Embassy Suites Montreal - Living Room

Embassy Suites Montreal - Kitchen/Entry

Embassy Suites Montreal - Bedroom

First order of business after checking out my hotel room was to get some warmer clothes unpacked and trade out my jacket for my parka.  It was time to explore Montreal for a few hours to get a feel for the city and also find myself a late lunch.  I made my way out of the hotel and walked around the corner to find that the Basilique Notre-Dame de Montréal was right there.  It’s a beautiful church from the outside, but I did not have any Canadian money on me yet, so I decided to just admire the outside for the time being.  Since the Basilica is on the edge of old Montreal, I decided that I needed to dive deeper into the old city and find lunch, but not before taking in some of the architecture.  It really does have that old-world feel to it and given some of the buildings it almost felt like wandering the streets of Paris.

Maisonneuve Monument - Place d'Armes

Basilique Notre-Dame de Montréal

Vieux-Montréal (Old Montreal) - Rue Saint Paul Est

Eventually I settled on a place called Crêperie chez Suzette – for, if you guesed it, crepes.  I went with the La Quebécoise which was filled with Ham and Cheese, but topped off with Quebec Maple Syrup.  Along with a Quebec beer called Raftman which is a red “peat-smoked whisky malt ale” that I found to be a bit different from what I normally drink and actually pretty good.  Of course the crepe was pretty good too and just the right size since by this point it was 2-3pm in the afternoon.  After finishing up I made my way back out into the cold and continued to explore by foot.

Crêperie chez Suzette - La Quebécoise

I found myself eventually on the waterfront or the Quays of the Old Port of Montreal.  A quay is synonymous with wharf in many commonwealth countries.  I’m not sure how the Quebecois pronounce it, but I know in Australia I was surprised when I was told its pronounced like “key”.  Anyways, along here are actually a few ships I noticed, but mostly the former docks have been taken over by other ventures.  Such as the Montreal Science Center and an ice skating rink.  Even though it was about 3:30-4:00PM, it was starting to get quite dark so after playing with the snow park that exists between the buildings and the waterfront I figured it was time to run back to the hotel for a bit.

Old Montreal - Waterfront

I was seriously cold and I had no idea where I was going to go for dinner or what I would do for the rest of the day.  Part of booking last minute trips is that sometimes you never really know what is in store for the trip.  That was proved true yet again on this trip.  I had read about the ice skating on the Quays and seeing it earlier in the afternoon made me want to give it a try – especially since the last time I put on a pair of ice skates was back at UCF the first year they put up that outdoor ice rink.  I guess most Canadians must own ice skates, because I felt like one of the few who was renting a pair.  And I definitely felt like a Floridian when 1) I remembered how much ice skates hurt my feet and 2) when finally made it on to the ice and had to hug the wall.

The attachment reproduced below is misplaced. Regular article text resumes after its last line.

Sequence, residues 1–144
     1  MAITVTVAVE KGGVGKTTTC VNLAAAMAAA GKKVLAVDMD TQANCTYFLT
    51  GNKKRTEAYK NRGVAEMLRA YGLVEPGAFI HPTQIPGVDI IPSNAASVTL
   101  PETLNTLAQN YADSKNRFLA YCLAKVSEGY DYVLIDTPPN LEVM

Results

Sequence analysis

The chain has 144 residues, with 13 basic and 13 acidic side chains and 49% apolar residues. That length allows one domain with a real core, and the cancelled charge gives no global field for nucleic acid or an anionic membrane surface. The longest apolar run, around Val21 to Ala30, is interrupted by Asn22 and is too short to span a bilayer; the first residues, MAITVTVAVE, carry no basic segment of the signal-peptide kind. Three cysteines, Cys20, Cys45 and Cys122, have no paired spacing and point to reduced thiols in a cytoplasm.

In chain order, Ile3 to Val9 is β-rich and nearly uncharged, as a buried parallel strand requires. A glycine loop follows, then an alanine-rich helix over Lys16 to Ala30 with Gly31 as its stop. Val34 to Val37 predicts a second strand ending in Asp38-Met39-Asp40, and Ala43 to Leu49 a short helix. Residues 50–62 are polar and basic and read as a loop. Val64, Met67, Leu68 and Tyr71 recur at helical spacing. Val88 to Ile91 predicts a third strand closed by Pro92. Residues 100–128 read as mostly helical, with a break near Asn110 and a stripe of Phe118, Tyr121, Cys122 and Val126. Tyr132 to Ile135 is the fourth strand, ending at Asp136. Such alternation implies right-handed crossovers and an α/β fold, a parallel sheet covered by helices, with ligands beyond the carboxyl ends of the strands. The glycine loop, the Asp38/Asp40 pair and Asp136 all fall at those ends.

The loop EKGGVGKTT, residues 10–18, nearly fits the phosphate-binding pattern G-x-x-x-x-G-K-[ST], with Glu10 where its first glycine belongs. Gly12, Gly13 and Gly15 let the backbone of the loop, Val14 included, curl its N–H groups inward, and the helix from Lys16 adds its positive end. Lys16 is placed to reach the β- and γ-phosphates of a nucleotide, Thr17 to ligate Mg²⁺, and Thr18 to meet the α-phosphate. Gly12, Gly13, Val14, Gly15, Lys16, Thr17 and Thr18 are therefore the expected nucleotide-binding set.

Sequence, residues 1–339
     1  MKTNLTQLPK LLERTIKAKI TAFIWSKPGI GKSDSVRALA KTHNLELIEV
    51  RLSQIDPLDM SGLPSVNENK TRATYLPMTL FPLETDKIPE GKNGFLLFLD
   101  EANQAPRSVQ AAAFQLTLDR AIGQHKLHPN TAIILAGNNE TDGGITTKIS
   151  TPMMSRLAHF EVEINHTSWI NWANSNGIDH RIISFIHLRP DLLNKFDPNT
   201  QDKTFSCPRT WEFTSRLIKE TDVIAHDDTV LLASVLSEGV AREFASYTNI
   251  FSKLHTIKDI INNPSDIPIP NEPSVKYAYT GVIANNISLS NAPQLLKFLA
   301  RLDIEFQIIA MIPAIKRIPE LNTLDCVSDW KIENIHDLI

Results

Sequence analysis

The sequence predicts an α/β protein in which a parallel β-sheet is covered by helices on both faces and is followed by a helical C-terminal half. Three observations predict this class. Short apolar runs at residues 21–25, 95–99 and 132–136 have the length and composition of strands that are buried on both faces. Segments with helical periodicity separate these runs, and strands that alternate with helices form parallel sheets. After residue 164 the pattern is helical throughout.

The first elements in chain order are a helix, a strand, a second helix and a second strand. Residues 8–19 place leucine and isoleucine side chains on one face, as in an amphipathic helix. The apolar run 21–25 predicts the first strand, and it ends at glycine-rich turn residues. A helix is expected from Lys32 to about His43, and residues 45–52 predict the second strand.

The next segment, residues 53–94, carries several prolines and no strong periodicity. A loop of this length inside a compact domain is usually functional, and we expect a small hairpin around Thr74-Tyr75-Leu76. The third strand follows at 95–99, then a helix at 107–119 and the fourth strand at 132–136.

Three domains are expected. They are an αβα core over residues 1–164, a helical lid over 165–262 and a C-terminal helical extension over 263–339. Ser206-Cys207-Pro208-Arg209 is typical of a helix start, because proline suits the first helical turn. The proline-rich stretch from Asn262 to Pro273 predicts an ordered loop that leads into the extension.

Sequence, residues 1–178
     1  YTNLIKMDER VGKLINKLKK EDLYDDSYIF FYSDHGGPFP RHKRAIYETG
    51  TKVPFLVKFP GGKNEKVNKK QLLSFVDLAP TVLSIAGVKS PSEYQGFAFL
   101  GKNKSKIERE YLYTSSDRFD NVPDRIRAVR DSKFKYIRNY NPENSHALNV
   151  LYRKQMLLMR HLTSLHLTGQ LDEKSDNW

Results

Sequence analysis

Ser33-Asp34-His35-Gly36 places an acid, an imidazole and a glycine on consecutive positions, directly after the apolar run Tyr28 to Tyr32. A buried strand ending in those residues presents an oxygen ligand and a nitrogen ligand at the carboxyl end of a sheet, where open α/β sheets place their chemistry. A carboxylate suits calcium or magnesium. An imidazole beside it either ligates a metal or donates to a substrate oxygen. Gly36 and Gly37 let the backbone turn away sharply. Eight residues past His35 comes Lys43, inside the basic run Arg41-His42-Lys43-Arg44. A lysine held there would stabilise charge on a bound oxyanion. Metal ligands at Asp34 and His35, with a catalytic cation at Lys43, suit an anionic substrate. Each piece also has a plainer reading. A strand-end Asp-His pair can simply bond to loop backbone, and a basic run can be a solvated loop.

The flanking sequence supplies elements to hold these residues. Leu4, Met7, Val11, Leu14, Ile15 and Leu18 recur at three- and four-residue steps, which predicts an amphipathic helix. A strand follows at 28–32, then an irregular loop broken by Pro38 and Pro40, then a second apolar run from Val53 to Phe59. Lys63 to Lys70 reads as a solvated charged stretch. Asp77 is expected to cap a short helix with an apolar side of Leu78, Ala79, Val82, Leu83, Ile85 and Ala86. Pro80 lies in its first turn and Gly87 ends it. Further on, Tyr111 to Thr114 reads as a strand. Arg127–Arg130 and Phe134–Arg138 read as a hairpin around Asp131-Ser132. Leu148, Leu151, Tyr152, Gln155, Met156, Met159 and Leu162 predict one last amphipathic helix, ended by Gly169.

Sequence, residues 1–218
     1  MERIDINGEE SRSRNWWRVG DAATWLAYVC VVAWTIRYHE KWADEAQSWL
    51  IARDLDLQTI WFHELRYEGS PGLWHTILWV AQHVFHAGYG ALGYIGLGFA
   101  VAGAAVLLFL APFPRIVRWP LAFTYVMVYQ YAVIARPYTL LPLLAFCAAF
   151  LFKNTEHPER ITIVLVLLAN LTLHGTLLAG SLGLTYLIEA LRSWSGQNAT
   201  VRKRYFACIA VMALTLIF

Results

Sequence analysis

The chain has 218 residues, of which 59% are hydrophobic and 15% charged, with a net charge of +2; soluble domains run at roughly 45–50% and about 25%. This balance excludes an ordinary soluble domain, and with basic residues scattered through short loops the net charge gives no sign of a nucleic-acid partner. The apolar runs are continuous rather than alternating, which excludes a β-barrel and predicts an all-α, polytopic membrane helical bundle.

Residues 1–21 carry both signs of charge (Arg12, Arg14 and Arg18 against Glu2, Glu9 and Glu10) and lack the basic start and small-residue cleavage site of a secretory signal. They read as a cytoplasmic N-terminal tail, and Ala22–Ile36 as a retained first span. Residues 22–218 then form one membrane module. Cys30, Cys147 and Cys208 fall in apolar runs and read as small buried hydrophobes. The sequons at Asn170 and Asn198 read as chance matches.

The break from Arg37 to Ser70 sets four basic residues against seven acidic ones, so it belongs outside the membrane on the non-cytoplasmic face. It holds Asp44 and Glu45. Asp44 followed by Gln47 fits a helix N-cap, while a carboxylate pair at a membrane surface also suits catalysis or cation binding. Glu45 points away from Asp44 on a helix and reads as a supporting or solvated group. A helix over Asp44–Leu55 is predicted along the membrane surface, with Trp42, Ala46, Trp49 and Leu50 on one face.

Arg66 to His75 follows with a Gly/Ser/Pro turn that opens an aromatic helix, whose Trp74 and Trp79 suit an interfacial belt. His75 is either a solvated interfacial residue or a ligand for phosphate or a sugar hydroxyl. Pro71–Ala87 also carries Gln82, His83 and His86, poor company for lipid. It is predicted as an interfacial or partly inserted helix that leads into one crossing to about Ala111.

After a while though I actually started to the hang of it and surprised myself to be able to actually move a way from the wall and complete multiple laps without having to stop.  I was proud!  Unfortunately right as I got my stride, they kicked everyone off the ice to run the Zamboni, which meant it was time to take a hot chocolate break.  I warmed up and once they opened the rink back up I was back on the ice and this time it was much easier to get going.  That was until I managed to bust my ass on the ice at one point.  Luckily a local sitting on the wall taking a break helped me back up.  I went around a the rink for a while longer and after about 2 hours I decided to find dinner.  Besides at this point it was already almost 9PM!

The Quays Skating Rink

Zamboni Time!

I had decided that I was going to go in search of a place called La Banquise in the Mont Royal neighborhood that is open 24 hours and known for their poutine.  This place is apparently considered the best in Montreal/Quebec and they have a lot of unique varieties compared to the standard dish.  In case you aren’t familiar with Poutine, its french fries + cheese curds + gravy.  Mine was the Poutine T-Rex and it had the standard + beef, hot dogs and bacon.  Pretty much I went straight for a heart attack in a bowl…and it was delicious!  I was only able to eat about half before feeling beyond full and decided at that time that it would be best to retreat back downtown to my hotel for the night.

Poutine T-Rex at La Banquise